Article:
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Cava is a Catalan sparkling wine of Denominación de Origen (DO) status. It may be white or rosé. The macabeu, parellada and xarel·lo are the most popular and traditional grape varieties for producing cava.

Only wines produced in the traditional method (méthode champenoise) may be labelled cavas, those produced by other processes may only be called vinos espumosos (sparkling wines). About 95% of all cava is produced in the Penedès area in Catalonia. The two major producers are Codorníu and Freixenet.

In the past, cava was referred to as Spanish champagne, which is no longer permitted under European Union law. Colloquially it is still called champán or champaña in Spanish or xampany in Catalan. Today it is defined by law as a Vino Espumoso de Calidad Producido en una Región Determinada (VECPRD), that is, "quality sparkling wine produced in a designated region".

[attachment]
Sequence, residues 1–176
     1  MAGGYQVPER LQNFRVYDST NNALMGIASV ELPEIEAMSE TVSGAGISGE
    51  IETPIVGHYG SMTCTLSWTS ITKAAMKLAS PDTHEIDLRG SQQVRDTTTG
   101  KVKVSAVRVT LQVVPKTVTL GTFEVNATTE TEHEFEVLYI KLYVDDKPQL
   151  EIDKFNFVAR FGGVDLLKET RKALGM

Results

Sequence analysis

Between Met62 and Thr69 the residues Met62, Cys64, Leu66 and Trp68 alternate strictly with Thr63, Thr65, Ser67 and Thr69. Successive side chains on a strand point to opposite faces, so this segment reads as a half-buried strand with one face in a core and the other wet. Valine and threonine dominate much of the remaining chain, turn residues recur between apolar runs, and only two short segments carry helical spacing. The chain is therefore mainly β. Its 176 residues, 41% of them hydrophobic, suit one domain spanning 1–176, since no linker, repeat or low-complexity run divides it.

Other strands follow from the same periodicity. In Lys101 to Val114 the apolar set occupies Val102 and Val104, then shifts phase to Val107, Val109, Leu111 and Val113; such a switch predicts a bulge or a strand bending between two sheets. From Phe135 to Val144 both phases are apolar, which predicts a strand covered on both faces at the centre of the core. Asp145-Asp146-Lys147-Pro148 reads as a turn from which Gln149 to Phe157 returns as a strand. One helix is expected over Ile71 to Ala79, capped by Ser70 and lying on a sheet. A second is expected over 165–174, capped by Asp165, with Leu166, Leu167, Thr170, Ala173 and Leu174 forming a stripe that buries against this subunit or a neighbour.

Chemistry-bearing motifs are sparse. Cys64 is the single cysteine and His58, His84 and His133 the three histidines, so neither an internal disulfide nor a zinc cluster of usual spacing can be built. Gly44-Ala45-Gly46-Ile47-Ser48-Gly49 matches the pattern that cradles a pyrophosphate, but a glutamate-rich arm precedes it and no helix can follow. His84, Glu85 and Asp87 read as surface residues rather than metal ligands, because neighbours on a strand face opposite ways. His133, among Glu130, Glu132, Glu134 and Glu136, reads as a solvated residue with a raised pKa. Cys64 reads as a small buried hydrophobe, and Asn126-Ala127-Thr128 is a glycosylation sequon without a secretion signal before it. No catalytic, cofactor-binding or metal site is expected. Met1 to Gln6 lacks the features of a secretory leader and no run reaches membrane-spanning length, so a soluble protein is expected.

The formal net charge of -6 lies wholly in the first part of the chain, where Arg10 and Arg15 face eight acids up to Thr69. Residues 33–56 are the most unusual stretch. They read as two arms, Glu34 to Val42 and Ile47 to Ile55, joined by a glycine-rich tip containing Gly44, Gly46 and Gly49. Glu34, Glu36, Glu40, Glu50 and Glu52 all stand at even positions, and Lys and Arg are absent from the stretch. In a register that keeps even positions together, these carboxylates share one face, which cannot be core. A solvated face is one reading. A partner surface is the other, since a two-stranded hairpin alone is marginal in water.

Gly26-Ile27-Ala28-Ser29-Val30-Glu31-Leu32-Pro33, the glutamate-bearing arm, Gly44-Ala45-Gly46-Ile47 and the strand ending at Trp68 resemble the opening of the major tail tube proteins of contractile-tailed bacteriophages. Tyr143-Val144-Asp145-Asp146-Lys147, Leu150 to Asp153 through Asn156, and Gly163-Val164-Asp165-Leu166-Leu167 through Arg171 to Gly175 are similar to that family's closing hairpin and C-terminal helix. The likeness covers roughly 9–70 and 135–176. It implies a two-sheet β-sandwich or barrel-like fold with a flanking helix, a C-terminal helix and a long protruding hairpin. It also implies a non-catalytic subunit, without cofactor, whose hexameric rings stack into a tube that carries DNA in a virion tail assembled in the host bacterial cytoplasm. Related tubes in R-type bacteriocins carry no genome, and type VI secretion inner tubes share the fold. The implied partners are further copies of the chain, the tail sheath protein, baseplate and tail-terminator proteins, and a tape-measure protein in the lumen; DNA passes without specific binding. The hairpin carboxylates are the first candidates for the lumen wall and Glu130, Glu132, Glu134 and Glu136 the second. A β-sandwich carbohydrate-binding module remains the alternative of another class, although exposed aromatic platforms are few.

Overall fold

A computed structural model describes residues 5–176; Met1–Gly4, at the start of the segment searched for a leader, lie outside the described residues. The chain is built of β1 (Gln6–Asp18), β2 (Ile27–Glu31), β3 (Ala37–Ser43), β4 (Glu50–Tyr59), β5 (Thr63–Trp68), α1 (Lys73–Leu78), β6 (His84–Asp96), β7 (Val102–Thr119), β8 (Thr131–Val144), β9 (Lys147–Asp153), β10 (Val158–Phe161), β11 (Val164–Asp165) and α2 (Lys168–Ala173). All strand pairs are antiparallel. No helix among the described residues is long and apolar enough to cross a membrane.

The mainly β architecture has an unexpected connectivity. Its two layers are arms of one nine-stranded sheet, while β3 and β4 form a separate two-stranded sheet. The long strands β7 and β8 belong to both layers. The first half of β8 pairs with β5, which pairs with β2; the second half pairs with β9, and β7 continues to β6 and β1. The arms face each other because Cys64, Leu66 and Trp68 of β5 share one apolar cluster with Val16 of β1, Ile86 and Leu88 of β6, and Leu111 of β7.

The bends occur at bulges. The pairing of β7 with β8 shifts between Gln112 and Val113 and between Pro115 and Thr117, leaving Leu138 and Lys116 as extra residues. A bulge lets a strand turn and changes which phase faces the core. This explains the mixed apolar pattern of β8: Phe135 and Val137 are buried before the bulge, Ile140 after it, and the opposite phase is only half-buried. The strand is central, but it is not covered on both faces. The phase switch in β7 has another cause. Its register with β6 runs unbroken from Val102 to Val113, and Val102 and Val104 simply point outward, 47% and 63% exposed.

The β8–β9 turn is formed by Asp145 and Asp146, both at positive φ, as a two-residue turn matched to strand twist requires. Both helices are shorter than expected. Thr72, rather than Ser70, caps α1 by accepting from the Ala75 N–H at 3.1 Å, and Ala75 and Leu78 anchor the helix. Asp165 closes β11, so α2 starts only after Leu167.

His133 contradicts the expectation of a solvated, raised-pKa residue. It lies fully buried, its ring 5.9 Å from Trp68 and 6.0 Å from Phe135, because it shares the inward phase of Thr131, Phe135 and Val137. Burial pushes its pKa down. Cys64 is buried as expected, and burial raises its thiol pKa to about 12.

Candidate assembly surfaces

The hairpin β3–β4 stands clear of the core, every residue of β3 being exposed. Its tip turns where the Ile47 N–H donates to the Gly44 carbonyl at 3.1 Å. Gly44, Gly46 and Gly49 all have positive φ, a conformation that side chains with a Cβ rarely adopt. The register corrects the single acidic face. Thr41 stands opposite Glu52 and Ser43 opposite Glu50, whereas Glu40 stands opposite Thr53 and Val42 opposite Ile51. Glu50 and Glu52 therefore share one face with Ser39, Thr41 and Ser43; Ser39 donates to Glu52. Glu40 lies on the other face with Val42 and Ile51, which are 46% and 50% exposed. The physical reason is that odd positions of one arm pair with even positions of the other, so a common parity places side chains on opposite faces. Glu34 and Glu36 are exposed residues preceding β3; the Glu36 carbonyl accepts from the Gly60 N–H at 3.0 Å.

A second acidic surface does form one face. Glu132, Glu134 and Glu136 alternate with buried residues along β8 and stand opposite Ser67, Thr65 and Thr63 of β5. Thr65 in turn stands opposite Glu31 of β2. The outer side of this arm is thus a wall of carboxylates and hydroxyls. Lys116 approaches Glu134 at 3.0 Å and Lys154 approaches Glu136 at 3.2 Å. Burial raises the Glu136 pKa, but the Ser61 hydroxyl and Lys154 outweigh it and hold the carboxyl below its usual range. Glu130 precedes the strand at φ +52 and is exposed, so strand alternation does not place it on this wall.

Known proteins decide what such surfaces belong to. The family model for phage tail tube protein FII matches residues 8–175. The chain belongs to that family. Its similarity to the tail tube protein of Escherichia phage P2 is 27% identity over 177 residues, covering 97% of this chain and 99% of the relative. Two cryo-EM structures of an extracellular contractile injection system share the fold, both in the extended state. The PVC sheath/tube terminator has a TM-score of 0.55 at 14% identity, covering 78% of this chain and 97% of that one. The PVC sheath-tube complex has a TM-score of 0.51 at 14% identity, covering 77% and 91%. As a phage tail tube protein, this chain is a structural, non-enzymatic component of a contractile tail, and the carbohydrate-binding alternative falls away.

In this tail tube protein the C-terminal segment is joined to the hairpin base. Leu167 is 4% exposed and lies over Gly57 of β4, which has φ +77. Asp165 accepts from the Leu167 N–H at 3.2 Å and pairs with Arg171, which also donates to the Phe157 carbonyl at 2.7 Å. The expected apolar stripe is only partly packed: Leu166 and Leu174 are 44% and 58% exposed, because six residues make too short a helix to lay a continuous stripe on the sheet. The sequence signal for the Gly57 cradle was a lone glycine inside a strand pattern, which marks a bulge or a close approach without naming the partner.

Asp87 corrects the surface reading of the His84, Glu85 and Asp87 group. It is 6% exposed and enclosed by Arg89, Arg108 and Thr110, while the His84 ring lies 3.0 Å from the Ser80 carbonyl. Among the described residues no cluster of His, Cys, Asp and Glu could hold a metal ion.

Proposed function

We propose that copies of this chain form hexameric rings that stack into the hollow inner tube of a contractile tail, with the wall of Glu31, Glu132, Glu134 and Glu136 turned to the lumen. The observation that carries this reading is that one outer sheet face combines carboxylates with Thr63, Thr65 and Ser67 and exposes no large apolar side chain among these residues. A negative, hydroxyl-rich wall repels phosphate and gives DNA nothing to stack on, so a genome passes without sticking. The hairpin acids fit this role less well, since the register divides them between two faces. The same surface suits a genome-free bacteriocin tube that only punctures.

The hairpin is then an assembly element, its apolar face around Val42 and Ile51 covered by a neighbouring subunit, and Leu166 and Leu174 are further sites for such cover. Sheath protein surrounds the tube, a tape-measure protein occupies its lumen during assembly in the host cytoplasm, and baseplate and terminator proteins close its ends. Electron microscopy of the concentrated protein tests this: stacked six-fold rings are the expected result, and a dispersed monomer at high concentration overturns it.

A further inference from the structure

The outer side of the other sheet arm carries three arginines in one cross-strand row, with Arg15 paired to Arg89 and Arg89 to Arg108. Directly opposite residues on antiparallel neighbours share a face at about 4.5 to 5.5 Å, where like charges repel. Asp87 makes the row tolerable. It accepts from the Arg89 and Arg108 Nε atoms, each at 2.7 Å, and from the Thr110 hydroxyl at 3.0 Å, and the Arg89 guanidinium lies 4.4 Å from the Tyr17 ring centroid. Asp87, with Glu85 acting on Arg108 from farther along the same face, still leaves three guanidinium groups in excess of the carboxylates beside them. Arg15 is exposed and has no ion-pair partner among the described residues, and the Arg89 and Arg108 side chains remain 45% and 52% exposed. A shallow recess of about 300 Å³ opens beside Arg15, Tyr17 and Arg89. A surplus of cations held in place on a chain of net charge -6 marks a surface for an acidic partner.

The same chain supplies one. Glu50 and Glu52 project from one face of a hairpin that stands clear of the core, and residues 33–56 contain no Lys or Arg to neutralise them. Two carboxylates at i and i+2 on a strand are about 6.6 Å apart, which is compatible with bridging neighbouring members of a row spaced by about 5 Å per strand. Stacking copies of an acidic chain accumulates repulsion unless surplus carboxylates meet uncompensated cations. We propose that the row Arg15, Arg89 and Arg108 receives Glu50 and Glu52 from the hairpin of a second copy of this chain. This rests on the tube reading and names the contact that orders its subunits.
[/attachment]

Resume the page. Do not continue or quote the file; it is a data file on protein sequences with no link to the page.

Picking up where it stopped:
To make rosé cava, small quantities of still red wines from cabernet sauvignon, garnacha or monastrell are added to the wine. Besides macabeu, parellada and xarel·lo, cava may also contain chardonnay, pinot noir and subirat grapes. The first cava to use chardonnay was produced in 1981. Like champagne, cava is also produced in varying levels of dryness, namely: brut nature, brut, seco, semiseco, and dolsec.

Cava is an important part of Catalan and Spanish family tradition and is often consumed at celebrations like baptisms, marriages, banquets, dinners and parties.

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Cava (Spanish wine),

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Cava - The Spanish Champagne,